Fixed-effect Poisson model

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Hausman, Hall, and Griliches pioneered work in fixed-effect Poisson models for static panel data in the mid 1980s. Their outcome of interest was the number of patents filed by firms, where they wanted to develop methods to control for the firm fixed effects.[1] Linear panel data models use the linear additivity of the fixed effects to difference them out and circumvent the incidental parameter problem. Even though Poisson models are inherently nonlinear, the use of the linear index and the exponential link function lead to multiplicative separability, more specifically [2]

E[yit ∨ xi1... xiT, ci ]= m(xit, ci, b0 ) = exp(ci+ xit b0 )= ai exp(xit b0 )= μti (1)

This formula looks very similar to the standard Poisson premultiplied by the term ai. As the conditioning set includes the observables over all periods, we are in the static panel data world and are imposing strict exogeneity.[3] Hausman, Hall, and Griliches then use Andersen's conditional Maximum Likelihood methodology to estimate b0. Using ni=∑ yit allows them to obtain the following nice distributional result of yi

yi ∨ ni, xi, ci ∼ Multinomial (ni, p1 (xi, b0),...,pT (xi, b0 )) (2) where

.

[4]

At this point, the estimation of the fixed-effect Poisson model is transformed in a useful way and can be estimated by maximum-likelihood estimation techniques for multinomial log likelihoods. This is computationally not necessarily very restrictive, but the distributional assumptions up to this point are fairly stringent. Wooldridge provided evidence that these models have nice robustness properties as long as the conditional mean assumption (i.e. equation 1) holds.[5] Chamberlain also provided semi-parametric efficiency bounds for these estimators under slightly weaker exogeneity assumptions. However, these bounds are practically difficult to attain, as the proposed methodology needs high-dimensional nonparametric regressions for attaining these bounds.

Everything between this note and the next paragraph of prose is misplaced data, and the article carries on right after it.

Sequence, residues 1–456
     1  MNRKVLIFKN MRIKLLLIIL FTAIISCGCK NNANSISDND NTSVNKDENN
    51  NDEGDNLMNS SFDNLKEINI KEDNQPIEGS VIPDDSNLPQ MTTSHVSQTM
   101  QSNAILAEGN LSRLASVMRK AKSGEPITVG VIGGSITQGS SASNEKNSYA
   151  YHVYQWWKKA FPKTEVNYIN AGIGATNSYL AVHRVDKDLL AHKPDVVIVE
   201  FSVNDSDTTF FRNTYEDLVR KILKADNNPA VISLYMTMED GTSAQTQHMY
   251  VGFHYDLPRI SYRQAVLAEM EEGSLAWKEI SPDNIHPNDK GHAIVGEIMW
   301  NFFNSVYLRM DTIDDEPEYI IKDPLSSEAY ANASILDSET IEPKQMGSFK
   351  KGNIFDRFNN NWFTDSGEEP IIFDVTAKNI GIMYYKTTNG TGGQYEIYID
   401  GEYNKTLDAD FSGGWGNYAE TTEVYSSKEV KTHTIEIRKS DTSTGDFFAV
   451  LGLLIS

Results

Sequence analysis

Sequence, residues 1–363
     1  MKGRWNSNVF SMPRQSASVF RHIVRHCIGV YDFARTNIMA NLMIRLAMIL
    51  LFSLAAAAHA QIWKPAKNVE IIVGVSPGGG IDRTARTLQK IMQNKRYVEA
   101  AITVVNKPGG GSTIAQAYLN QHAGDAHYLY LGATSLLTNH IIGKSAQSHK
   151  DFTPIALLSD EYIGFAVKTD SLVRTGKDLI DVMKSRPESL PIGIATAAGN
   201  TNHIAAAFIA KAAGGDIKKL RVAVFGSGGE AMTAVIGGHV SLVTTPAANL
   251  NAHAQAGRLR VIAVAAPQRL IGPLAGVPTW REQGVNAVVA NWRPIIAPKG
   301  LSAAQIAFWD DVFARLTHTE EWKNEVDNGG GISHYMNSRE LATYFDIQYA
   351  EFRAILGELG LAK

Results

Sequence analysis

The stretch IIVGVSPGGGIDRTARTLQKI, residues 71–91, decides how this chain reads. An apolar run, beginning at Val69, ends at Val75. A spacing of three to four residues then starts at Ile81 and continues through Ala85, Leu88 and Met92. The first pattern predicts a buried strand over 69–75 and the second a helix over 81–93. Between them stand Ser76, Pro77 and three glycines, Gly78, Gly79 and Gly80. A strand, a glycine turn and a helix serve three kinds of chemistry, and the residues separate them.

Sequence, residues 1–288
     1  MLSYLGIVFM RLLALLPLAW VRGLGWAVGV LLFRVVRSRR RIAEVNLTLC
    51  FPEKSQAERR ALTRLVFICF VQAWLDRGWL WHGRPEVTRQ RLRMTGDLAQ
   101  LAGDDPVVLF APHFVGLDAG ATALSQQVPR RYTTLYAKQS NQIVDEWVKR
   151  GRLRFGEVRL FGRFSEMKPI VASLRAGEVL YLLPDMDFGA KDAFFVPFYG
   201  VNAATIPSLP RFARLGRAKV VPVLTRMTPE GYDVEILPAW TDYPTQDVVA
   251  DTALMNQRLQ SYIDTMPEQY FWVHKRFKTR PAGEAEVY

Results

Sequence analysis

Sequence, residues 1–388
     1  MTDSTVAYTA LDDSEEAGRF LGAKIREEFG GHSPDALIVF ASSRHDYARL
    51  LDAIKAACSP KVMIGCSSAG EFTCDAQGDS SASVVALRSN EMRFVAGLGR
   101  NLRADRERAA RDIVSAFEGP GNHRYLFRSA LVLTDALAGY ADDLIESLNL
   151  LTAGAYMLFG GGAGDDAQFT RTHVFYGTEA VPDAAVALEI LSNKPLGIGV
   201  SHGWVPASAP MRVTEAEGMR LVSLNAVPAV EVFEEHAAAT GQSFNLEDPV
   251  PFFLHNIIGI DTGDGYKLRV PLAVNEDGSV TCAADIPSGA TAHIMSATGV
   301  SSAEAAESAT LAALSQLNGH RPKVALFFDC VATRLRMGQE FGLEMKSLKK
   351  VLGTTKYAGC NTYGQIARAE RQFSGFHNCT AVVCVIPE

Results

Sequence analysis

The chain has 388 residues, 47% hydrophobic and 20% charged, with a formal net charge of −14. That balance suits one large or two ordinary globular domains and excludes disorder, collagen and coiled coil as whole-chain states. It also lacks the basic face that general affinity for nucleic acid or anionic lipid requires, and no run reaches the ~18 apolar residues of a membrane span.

References[edit]

  1. ^ Hausman, J. A., B. H. Hall, and Z. Griliches (1984): Econometric Models for Count Data with an Application to the Patents-R&D Relationship. Econometrica (46), pp. 909-938
  2. ^ Cameron, C. A. and P. K. Trivedi (2015) Count Panel Data, Oxford Handbook of Panel Data, ed. by B. Baltagi, Oxford University Press, pp. 233-256
  3. ^ Wooldridge, J. (2002): Econometric Analysis of Cross Section and Panel Data, MIT Press, Cambridge, Mass.
  4. ^ Andersen, E. B. (1970): Asymptotic Properties of Conditional Maximum Likelihood Estimators. Journal of the Royal Statistical Society, Series B, 32, pp. 283-301
  5. ^ Wooldridge, J. M. (1999): Distribution-Free Estimation of Some Nonlinear Panel Data Models. Journal of Econometrics (90), pp. 77-97